Sunday, July 18, 2010

Monet Lesson Plan

"I am following Nature without being able to grasp her...I perhaps owe having become a painter to flowers."

- Claude Monet

Katie and I have recently been studying the art of Monet. Earlier this spring we covered Mary Cassatt (Lesson Plan 1) and Van Gogh (Lesson Plan 2), though it has been awhile since we've done a project. I am happy that my three-step method of reading about the author, looking at several examples of his or her work, and finishing the unit with a hands-on project appears to be working well and that Katie is truly learning. About a week ago, we were in the craft store to have a mat cut for my cross stitch and to purchase a frame. Katie was looking at some posters nearby, and suddenly she called out, "Van Gogh!" Indeed, she was pointing to "Starry Night."

I never tire of planning lessons for my own child. I love to teach, and I love to create experiences of learning. I've been pondering the best way to do a Monet project for quite some time. I have seen some other lesson plans, but nothing had all the elements I really wanted, and some were too complex for Katie's age. A few days ago I finally figured out how to form the project, and today's culmination activity was born.


I chose to focus on water lilies with Katie, since Monet is known for his water lilies. He spent something like twenty years painting water lilies, and his paintings of them epitomize his style.


1 large piece of blue construction paper
1 large piece of green construction paper
watercolors and brushes
tissue paper in any color (we used white and pink)
glue stick
white glue

Before beginning the project, if you have a younger child, prepare the lily pads and leaves by cutting out those shapes (you can free-form it) from the green paper.


1. We have been reading about Monet for awhile and looking at examples. Start the project by reviewing what your child knows about both Monet and the elements of his art.

2. Have your child glue the water lily pads and the leaves onto the blue construction paper with the glue stick.
3. Let your child place the shapes wherever she wants. It's her project, after all!

4. Use watercolors to give an "impressionistic" feel to the art project. We've talked about some of the ideas behind Impressionism already, before this project.

5. To direct her to the next step of the project, I asked Katie: Do you like to tear things? I showed her how to tear and then crumple up a piece of tissue paper in her hand.

6. Katie glues on her lily flowers. I helped her dip a bigger paint brush into some white glue, and she would put a little dab of glue wherever she wanted a flower.

6. Katie's water lily project!

This lesson plan was really easy and hardly required any prep (both my Van Gogh lesson and my Mary Cassatt lesson required much more). The whole lesson took about an hour, and I hardly had to help her at all. I just sat by her and gave her vocal direction and praise and doled out the materials she needed at the right times. She really loved the painting portion, as I knew she would, and she was also quite enthusiastic about the tearing and crumpling of the tissue paper.
In a few days, I will follow up again with questions about Monet and what we learned---to make sure the knowledge has really formed.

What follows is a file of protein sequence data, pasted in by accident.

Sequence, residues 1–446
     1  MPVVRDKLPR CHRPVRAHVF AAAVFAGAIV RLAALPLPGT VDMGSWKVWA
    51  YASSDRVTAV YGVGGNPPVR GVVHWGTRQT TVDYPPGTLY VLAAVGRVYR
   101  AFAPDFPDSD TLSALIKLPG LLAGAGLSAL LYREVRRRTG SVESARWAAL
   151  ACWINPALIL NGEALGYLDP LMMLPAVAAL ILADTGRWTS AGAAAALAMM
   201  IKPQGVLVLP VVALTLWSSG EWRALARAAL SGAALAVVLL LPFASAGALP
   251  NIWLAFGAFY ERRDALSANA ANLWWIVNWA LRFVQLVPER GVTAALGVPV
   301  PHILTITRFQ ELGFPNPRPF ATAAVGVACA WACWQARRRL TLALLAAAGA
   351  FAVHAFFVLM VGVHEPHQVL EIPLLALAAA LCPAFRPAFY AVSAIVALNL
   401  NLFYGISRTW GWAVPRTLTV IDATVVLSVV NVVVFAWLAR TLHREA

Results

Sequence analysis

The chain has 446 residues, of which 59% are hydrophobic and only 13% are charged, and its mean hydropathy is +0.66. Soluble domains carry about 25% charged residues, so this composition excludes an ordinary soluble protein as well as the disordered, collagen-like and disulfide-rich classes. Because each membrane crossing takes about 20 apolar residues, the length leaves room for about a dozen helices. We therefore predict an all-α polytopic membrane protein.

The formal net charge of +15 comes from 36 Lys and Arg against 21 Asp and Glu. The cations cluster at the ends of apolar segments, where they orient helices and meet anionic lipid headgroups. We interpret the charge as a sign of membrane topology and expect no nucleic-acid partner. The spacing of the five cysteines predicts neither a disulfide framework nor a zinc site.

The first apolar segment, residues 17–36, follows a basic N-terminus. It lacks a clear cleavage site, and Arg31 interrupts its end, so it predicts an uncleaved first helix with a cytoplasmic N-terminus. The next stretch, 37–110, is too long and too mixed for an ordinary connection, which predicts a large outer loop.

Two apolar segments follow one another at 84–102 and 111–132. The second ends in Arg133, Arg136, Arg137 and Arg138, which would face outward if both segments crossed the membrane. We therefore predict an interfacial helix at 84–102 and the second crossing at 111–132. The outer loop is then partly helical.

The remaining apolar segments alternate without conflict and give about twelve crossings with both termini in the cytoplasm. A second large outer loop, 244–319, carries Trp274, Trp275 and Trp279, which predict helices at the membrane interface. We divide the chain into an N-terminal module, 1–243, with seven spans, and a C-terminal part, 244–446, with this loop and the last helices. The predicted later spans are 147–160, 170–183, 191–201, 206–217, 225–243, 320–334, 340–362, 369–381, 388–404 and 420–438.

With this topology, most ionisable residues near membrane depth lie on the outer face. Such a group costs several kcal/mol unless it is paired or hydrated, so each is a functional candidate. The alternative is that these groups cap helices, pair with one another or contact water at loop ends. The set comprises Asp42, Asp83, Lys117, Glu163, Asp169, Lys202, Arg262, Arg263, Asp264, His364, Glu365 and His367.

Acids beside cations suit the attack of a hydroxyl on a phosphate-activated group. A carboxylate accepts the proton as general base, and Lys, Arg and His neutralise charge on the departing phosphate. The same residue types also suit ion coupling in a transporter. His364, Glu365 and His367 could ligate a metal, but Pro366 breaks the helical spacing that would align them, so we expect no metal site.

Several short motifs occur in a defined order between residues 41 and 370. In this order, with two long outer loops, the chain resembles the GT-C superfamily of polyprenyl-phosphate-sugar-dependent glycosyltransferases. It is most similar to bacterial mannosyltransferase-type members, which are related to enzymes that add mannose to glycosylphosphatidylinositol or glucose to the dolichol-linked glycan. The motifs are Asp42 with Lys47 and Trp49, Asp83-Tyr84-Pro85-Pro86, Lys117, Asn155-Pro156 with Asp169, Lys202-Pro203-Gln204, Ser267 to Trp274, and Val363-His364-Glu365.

We had all kinds of other fun today, too! Katie helped to make lemonade and loved putting the lemons on the juicer. We made chocolate chip cookies (we make fractions of batches so that we only have a few in the house at a time---besides, it is the making of them that is the best part). We also held our own "music class" this morning and reviewed many of our songs from Miss Kara's class and also danced. We also read several books and poems. We have needed a day like today to work on our usual things. Katie told me in the middle of it, "This is such a happy day!"
With my exam and then all of the holidays and family get-togethers going on lately, we haven't had much time to work on our workbooks or projects as much. Katie always seems to be happiest when her mind is busy and when we are engaged in learning together. She calls some of her projects her "homework"---interestingly, a term I have not really used with her. She must have picked it up from Bill's discussions of his students. Anyway, she says things like, "I love doing homework!" We will be successful as parents if we can maintain this love for learning that is already inside of her.
I started my day at 4:30 AM, though not by design. Katie woke up thirsty, and I was wakeful after helping her. I have been getting up near 5:30 everyday anyway (my body is on its own timing lately). Most days I work on my hobbies and stay awake all day, but today I started re-reading Jane Eyre just for fun and sipped some warm milk with freshly grated nutmeg---and then found the desire to return to bed. I crawled into bed with the cuddly Katie and went back to sleep for about an hour and half. It is so cozy to fall back asleep after reading (a luxury I used to have every weekend of life before children and which I rarely do now), and it is especially cozy to wake up with my daughter's head nuzzled into my neck. So our day began well.

One last picture: Katie is enjoying one of our cookies outside. She loves the little Katie-sized chair Boppa found for her! We played outside for quite awhile this afternoon, pretending to make pies and soups for the dwarves.